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I Used to Think - School and Our Assumptions

I used to think that once a child turned 4 or 5 years old, she automatically started school. This wasn’t a point of discussion or an option – not only was it compulsory, it was customary, as normal to our culture as breathing is to our bodies. I never questioned it. That was where learning occurred - at least the only learning that counted. As a child, I went off to school every year, obediently, marching from class to class as instructed, trying to be silent, well-behaved, on time, alert. And, when I had children, they did the same. I sent them to school, again, without question, hoping they’d try their hardest and all would go well. I worried about whether or not their teachers would understand them, but, more importantly, whether my children would be able to detect the subtle (and sometimes not so subtle) signals of what was expected of them and react appropriately.

Now a state senator from Utah is proposing that school no longer be compulsory. State Senator Aaron Osmond has proposed that parents no long should be compelled to send their children to school, that parents have not been assuming enough responsibility for the education of their children, while schools have assumed (by action or default) too much. It’s not that he wants to eliminate schools, just not have them be compulsory as the state re-defines the purpose of school.

It would be naïve to believe his motives are not politically driven, but he raises an interesting point. We accept school, subconsciously ascribe certain purposes to it, but rarely stop to question our assumptions or see if schools are, in reality, really designed for these purposes and delivering the anticipated results.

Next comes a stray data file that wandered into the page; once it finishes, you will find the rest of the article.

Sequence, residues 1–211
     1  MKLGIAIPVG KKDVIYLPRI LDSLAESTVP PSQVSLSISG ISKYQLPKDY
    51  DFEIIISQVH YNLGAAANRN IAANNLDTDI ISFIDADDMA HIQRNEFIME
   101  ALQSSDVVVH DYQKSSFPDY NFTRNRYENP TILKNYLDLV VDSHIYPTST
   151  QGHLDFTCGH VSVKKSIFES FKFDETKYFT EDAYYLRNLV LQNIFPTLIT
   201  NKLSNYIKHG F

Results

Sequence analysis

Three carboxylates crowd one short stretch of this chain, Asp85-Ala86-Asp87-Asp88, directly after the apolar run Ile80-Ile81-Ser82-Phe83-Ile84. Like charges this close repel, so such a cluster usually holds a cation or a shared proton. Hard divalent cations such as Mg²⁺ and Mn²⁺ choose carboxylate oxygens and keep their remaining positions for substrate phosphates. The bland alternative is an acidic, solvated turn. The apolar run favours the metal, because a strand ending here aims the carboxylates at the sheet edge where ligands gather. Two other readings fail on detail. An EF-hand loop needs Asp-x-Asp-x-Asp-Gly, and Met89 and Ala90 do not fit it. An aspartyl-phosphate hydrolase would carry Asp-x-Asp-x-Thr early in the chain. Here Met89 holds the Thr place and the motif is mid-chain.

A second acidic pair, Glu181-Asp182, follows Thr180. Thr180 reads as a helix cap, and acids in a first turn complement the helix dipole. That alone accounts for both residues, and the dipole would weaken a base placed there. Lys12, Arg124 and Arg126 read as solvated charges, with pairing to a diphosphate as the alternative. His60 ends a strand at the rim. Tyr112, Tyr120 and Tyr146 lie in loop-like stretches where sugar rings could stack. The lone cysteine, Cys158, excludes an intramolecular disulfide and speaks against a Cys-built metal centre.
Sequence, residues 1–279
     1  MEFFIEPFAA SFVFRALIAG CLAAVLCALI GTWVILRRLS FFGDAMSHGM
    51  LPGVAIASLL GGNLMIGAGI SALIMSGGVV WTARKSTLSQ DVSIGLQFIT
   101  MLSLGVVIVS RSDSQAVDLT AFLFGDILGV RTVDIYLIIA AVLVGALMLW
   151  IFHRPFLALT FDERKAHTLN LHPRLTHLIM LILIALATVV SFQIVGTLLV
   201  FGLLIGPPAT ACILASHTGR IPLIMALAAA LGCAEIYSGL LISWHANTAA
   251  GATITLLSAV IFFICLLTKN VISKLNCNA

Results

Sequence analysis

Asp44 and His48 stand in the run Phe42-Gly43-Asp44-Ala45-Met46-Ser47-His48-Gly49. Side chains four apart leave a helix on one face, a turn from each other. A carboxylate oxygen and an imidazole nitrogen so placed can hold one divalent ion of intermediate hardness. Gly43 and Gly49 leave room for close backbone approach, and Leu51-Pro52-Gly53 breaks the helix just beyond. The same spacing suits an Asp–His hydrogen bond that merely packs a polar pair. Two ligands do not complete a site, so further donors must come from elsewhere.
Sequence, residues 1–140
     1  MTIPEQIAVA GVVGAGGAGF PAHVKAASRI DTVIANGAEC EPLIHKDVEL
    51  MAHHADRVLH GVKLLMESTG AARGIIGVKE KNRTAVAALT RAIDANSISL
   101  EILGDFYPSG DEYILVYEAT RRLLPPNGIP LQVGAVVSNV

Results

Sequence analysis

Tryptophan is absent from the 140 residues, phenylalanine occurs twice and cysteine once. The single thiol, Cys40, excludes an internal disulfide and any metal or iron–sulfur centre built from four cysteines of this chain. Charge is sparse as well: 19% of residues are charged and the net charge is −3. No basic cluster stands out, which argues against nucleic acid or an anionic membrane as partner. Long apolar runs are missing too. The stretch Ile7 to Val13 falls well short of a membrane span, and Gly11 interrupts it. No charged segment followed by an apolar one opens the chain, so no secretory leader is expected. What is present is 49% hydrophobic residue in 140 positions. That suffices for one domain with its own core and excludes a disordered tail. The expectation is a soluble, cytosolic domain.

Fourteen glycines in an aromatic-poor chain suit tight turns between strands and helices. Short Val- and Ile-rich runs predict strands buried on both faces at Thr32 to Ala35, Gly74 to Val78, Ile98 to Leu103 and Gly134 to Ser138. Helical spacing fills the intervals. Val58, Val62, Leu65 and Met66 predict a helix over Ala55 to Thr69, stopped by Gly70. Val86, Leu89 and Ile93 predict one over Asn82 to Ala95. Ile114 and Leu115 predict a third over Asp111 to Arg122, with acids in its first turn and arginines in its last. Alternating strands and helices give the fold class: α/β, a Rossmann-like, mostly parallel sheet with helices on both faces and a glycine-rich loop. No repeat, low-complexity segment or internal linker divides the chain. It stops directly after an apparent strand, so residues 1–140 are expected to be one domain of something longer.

This need to question shouldn’t stop there. Too many of us accept the form of school as the essential defining component of the institution. We see its form as intrinsic to the nature of school as the form of our bodies is to our sense of being human. Its form – the same one that existed when my children were in school and when I was a child– seems to be immutable. And although there has been some tinkering around the edges, - breaking down walls, but not changing teaching practice or teaching subjects in their own silos, or adding computers but using them to do worksheets or take multiple choice tests – school in “school form” is what exists in almost all such institutions. There are a few exceptions – THOSE schools, that stand out because they are so different, but they are rare and there’s not a large enough number to serve as models. They are oddities rather than models and too few educators have the opportunity to see what they are doing.

What these schools have done is question ALL assumptions about what form school should take. Instead of changing one aspect of school or tweaking another, they’ve looked at what they want to do, what factors and forms are needed to get to this vision, and how each of these connects to the others. It’s as if they asked, if we just invented school today, what would we mean and what would it look like?

This is a question I often ask myself and it’s a hard one, since the familiar school form keeps creeping into my thinking. But I admire those schools, such as Hellerup in Denmark, or High Tech High in the USA, that are working so hard to do this.

What do you think is the purpose of school?

What form best suits that purpose?
July 30th, 2013 @ 1:54PM